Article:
In an interview with McClatchy on Wednesday, Wilson explained a moratorium would allow for offshore drilling and seismic testing in the future, but only if and when it becomes necessary again and “if (it) can actually be done in an environmentally sound way.”

“I thought in particular there was a column by the attorney general which I thought outlined in a very concise way why there needed to be a moratorium,” Joe Wilson said of his son’s recent op-ed in the Charleston Post and Courier. “It was one of the points that convinced me. Not totally, but I thought it was very well presented.”

But Wilson also acknowledged he had noticed a shift in public sentiment on offshore drilling and testing over the past several months.

The last time public opinion polling was conducted on offshore drilling in South Carolina was by Winthrop University in February 2018. At that time, those for and against the practice were split 50-50.

In a sign that polling could now reflect majority opposition, Cunningham was elected in the midterms against a Republican opponent who was seen as flip-flopping on the issue.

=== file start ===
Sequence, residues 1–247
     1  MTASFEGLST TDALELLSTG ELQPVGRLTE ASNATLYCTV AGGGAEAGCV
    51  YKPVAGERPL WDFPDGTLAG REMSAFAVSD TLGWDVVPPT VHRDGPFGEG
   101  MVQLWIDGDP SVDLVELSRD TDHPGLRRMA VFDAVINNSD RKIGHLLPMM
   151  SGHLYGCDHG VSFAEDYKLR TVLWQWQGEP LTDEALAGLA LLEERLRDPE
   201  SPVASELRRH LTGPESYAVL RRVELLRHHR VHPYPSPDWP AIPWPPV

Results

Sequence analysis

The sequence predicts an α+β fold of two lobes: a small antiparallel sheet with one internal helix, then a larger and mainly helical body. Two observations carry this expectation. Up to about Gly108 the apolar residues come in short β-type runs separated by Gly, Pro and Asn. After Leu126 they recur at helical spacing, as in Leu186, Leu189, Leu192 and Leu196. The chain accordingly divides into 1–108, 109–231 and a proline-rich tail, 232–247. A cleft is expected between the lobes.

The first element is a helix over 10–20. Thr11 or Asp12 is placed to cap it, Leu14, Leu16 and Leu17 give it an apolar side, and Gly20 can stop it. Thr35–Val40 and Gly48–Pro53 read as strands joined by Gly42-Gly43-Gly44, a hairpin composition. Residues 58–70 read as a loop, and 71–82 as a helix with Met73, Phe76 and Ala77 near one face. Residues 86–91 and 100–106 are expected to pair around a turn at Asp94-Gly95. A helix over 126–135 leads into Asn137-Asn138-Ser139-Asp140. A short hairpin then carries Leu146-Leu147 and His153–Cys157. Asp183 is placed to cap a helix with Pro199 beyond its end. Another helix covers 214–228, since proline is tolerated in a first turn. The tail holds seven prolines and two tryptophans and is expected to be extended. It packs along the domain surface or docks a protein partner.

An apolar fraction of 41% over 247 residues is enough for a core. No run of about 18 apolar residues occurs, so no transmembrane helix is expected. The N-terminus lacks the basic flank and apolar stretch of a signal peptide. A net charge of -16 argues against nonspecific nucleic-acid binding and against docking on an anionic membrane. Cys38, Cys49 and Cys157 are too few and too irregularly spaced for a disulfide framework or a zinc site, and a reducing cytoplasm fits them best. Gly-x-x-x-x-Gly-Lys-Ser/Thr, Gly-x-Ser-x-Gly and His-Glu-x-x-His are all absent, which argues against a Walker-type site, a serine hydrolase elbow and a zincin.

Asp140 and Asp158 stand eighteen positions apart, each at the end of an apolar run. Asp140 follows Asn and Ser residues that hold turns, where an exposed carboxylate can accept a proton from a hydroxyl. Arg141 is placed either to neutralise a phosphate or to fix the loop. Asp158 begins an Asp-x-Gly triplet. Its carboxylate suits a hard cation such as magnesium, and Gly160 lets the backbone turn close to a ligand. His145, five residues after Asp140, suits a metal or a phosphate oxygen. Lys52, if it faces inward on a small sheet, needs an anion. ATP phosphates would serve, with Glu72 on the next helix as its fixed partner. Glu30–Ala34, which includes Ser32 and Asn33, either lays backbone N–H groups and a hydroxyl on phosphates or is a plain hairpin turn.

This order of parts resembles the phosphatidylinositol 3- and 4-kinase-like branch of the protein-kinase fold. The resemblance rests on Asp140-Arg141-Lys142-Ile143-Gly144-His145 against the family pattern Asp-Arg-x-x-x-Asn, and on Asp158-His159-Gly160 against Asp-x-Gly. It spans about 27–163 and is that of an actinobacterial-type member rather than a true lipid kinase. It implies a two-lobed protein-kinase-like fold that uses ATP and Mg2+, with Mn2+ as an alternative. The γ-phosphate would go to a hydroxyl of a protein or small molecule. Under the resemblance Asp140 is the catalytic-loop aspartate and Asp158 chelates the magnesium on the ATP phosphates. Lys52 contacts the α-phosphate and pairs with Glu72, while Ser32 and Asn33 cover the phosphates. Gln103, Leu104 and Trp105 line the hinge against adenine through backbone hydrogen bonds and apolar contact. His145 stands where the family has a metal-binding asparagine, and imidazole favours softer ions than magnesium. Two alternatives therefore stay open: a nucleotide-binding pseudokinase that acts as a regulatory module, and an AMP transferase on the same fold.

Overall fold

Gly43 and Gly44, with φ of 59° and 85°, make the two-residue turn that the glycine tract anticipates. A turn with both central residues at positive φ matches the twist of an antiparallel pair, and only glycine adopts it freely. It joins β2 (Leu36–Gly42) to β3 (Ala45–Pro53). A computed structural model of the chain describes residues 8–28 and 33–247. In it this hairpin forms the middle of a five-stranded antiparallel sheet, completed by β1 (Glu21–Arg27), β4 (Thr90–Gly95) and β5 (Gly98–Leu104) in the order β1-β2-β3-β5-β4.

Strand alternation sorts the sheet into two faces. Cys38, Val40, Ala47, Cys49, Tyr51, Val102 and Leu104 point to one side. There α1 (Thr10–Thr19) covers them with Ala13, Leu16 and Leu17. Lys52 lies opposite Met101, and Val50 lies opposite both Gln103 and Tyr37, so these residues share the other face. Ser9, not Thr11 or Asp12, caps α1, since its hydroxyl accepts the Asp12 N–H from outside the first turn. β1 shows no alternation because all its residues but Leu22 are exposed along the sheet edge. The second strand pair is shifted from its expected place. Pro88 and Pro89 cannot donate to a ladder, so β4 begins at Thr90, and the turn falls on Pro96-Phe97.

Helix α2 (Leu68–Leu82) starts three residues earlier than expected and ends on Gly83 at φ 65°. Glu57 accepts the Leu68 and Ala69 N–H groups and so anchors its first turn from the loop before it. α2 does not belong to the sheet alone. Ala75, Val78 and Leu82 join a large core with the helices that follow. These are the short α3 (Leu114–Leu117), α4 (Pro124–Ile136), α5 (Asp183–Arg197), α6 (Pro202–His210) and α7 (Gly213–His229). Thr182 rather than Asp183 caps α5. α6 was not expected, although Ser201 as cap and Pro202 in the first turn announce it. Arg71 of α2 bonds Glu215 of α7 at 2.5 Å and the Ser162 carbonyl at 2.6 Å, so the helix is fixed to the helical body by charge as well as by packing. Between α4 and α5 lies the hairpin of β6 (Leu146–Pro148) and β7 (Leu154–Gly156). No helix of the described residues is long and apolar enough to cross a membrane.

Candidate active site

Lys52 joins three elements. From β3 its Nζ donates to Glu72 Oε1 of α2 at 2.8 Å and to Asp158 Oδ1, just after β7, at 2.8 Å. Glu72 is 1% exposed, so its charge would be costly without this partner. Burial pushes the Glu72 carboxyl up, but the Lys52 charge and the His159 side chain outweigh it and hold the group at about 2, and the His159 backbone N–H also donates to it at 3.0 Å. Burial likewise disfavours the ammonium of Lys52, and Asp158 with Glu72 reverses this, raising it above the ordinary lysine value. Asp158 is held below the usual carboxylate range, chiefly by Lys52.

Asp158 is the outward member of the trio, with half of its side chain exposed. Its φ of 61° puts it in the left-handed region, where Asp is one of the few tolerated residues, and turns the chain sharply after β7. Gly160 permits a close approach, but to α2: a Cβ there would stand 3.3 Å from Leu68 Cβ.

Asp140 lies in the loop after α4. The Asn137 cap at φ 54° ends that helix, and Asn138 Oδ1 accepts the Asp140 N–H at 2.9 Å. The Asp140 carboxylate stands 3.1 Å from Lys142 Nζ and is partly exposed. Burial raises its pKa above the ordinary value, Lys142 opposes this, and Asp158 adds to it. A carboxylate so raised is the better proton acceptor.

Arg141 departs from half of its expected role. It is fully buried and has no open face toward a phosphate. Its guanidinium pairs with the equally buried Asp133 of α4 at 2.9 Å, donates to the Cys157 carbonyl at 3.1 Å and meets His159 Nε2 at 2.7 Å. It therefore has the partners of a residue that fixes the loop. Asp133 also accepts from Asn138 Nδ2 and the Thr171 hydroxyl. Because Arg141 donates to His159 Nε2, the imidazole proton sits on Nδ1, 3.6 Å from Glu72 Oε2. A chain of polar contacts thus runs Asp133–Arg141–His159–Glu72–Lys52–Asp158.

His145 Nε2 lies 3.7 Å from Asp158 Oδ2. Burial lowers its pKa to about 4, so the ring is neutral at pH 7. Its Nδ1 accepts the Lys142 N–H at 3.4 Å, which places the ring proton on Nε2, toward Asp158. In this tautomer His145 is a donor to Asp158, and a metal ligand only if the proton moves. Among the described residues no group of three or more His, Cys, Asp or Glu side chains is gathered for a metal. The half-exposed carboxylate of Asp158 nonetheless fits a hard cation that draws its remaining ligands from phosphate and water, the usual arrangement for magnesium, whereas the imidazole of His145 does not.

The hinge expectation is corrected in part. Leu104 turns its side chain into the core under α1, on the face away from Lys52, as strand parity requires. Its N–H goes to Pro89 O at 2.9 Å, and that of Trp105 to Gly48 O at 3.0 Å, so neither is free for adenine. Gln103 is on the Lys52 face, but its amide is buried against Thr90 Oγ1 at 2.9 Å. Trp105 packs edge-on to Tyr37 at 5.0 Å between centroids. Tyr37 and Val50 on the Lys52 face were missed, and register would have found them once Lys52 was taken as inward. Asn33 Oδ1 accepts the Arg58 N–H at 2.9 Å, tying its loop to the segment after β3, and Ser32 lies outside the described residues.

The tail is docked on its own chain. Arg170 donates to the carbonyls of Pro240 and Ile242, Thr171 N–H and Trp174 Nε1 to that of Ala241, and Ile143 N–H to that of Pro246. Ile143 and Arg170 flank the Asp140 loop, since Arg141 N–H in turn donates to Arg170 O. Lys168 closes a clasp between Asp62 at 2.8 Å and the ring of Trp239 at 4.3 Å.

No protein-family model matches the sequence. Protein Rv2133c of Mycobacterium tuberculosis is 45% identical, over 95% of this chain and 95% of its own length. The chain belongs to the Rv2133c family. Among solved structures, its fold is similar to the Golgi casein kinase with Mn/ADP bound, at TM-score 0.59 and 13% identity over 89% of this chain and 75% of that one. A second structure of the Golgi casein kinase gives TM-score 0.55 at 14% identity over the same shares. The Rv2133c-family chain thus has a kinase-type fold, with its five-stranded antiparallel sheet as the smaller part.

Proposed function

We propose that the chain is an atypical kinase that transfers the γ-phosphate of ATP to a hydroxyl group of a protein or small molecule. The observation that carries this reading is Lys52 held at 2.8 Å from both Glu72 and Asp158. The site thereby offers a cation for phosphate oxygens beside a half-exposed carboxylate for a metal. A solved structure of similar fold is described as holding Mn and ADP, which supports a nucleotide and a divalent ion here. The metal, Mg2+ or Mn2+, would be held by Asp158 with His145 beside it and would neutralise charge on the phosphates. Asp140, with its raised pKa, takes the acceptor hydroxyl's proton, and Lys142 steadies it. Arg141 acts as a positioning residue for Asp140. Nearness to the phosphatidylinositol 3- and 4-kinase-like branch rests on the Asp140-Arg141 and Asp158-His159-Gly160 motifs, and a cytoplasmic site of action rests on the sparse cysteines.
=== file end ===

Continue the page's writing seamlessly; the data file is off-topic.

McMaster, who quietly but steadfastly opposed Trump’s offshore drilling proposals throughout his gubernatorial campaign, also performed well in the Lowcountry in November.

Rice said he has seen a growing opposition to drilling and testing, too, attributing the shift in part to his constituents realizing their communities could be affected by the practice if Trump’s proposal went into effect.

“Up until recently, it wasn’t real, it wasn’t really a possibility,” he explained. “Once it became a possibility, people started considering.”

Emma Dumain works out of the McClatchy Washington bureau, where she reports on the South Carolina congressional delegation for The State, The Herald, The Sun News, The Island Packet and The Beaufort Gazette. She was previously the Washington correspondent for the Charleston, South Carolina Post and Courier. Dumain also covered Congress for Roll Call and Congressional Quarterly.